Saturday, March 6, 2010
Well, after our 2nd venture to NZ (and hopefully not the last), I can still say the people are absolutely fantastic. They are very friendly and the pace of life seems a bit slower. The natural beauty is nothing short of spectacular and each area seems to have its own stunning feature.
However, there are a couple things that I observed that are puzzling to me. First, there is no such thing as a plain coffee. It's either short, long, flat, white, or some other non-intuitive description. I am glad to be back home and know what to order and what to expect at the coffee shop.
Second, when mailing a letter you can place your item in one of two boxes. One is labeled fast, the other slow. As far as I could tell, the pricing was the same. Why anyone would choose "slow" is hard to comprehend. Maybe it is a trick question and they got the last laugh on me.
Third, I will never understand the infatuation with the Queen of England and the other members of the royal family. They seem to get a lot of attention in the press and have many streets, parks, buildings, etc. named after them even though the connection to the past is becoming more and more distant. When any of the royals visit, I am told there are many who go "gaga" over them. Maybe it's the American revolutionary in me but I just don't get it...
I haven't been able to figure out the current dependence by NZ on the UK. There seems to be little pratical benefit for NZ today. We went on a tour of their Parliament while in Wellington. The guide indicated there had been some dicussion by the previous administration about independence and adopting a new flag. However, the current administration apparently does not have the stomach to pursue such a plan. I asked Pat, one of my kiwi golfing partners who was born and bred in NZ, if he understood this UK/NZ relationship. He said he didn't but his opinion was all the crown did was take their money. So, I am not the only one who doesn't understand.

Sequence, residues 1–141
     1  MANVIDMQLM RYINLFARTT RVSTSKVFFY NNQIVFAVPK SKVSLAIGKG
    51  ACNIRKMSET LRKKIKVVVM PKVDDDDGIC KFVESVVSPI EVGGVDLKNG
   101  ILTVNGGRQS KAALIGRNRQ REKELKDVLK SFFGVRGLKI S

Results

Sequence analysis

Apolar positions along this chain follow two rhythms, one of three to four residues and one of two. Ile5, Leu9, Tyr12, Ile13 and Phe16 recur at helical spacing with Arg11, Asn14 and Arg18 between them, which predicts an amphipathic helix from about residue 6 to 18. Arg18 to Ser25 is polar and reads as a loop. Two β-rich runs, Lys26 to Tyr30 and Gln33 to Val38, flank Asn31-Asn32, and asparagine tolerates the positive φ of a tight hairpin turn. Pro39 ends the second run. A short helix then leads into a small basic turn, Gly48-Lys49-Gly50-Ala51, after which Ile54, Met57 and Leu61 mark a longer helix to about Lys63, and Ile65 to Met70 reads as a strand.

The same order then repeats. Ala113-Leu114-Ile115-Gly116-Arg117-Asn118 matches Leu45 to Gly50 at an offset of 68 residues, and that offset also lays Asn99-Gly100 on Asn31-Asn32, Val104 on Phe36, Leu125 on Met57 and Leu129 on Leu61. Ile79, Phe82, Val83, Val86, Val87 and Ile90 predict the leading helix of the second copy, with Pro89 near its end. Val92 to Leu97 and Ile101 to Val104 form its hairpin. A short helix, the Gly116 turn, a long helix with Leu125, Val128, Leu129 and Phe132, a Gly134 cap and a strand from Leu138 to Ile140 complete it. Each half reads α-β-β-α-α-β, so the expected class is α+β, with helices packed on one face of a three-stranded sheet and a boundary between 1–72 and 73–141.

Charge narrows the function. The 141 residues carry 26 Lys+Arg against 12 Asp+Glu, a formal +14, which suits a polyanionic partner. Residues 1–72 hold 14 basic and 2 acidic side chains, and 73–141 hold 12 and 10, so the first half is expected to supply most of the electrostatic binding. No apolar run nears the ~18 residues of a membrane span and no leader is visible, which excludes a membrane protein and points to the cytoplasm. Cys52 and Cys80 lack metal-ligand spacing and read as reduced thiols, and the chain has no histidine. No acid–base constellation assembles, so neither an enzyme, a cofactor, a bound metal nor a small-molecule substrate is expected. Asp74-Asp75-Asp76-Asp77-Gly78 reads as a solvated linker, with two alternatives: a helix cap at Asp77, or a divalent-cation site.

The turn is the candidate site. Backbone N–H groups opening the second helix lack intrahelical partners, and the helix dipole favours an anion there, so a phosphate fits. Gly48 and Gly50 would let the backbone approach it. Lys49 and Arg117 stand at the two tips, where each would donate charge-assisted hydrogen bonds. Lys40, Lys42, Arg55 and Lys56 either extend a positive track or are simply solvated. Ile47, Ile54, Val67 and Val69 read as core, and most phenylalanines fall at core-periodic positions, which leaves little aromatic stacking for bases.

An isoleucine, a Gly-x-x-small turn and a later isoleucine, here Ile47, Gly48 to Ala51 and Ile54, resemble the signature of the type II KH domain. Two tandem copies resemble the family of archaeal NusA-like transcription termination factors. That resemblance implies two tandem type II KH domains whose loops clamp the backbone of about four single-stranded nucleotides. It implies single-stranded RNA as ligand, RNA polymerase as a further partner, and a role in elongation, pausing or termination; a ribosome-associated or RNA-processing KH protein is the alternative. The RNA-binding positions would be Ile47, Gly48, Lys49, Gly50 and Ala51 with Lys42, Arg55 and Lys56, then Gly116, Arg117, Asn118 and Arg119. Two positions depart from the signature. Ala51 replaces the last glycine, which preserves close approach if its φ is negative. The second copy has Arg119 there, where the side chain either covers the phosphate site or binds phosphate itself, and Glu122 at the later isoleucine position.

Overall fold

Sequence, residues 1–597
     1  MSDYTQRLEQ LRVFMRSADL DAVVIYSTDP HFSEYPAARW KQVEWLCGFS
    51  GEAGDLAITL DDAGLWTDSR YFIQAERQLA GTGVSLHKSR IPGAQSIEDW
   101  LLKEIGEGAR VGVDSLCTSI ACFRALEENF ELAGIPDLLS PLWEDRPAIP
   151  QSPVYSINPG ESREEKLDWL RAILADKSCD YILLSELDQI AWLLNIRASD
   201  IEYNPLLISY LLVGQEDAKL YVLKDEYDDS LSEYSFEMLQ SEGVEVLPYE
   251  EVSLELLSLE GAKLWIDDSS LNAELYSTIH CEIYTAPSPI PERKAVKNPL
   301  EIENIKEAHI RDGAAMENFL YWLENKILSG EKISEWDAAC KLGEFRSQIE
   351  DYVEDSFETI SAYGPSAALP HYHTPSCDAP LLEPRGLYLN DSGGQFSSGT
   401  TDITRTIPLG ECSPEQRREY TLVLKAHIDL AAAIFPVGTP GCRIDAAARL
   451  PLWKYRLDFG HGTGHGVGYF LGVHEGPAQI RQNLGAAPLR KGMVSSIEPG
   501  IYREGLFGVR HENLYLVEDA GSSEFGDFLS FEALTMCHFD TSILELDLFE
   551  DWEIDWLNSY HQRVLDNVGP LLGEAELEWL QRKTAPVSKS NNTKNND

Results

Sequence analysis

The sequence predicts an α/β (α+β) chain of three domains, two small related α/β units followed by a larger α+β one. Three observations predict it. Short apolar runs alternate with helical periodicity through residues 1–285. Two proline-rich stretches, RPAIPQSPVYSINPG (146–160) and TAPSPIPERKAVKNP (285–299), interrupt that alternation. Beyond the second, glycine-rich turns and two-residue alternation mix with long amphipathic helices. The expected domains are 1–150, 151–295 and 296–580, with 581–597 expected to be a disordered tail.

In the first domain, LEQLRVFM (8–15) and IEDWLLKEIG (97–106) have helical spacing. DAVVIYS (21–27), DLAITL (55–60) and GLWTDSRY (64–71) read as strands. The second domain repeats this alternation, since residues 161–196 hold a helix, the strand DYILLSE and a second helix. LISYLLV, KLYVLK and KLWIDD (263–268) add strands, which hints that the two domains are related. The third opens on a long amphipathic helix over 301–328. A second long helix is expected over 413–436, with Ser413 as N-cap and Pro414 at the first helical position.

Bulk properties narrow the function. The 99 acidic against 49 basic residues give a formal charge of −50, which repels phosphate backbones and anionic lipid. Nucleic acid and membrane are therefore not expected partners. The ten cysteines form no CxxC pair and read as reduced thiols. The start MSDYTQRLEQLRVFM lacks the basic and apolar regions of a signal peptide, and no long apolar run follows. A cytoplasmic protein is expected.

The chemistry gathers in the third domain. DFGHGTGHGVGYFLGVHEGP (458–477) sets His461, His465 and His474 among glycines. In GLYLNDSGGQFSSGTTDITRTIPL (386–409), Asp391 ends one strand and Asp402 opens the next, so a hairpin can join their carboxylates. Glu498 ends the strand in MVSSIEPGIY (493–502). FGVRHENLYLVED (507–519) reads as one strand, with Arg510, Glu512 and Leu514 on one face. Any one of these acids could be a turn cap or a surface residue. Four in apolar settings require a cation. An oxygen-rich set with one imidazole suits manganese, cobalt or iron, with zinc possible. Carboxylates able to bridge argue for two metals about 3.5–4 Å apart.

Anyway, royal family or no royal family, NZ is a place fit for a king!
Friday, March 5, 2010
We arrived in Rotorua yesterday and head out for the airport this afternoon to start our long journey home. This area is one of only a few in the world that has geo-thermal features like geysers, mud pots, etc. Yellowstone is another. The smell of sulfer is in the air and it is not unusual to see steam venting out of the ground. There is a local park about 2 blocks from our hotel that has many, many geo-thermal features in it. Unlike Yellowstone, there is little oversight of these features. They have built fences around many but there is no interpretive guide nor does there seem to be much concern for the potential abuse of the sites by ignorant viewers. In any event, it is a fascinating look into some unusual geological features.
Thursday, March 4, 2010
We took a 5 hour bus ride from Wellington to Napier. Napier is on the east coast (the Pacific Ocean - that still takes some getting used to) of the North Island. This area is also wine country. It is referred to as Hawkes Bay. While the South Island has been successful in making world class white wines, this region not only makes the whites but also some reds.